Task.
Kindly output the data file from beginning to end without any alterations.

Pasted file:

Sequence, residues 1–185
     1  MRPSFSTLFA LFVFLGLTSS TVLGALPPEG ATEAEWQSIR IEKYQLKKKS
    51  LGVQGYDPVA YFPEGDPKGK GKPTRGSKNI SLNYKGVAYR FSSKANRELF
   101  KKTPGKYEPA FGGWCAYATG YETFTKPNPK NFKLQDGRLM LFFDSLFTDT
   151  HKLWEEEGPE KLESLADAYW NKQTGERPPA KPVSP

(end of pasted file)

Sequence, residues 1–185
     1  MRPSFSTLFA LFVFLGLTSS TVLGALPPEG ATEAEWQSIR IEKYQLKKKS
    51  LGVQGYDPVA YFPEGDPKGK GKPTRGSKNI SLNYKGVAYR FSSKANRELF
   101  KKTPGKYEPA FGGWCAYATG YETFTKPNPK NFKLQDGRLM LFFDSLFTDT
   151  HKLWEEEGPE KLESLADAYW NKQTGERPPA KPVSP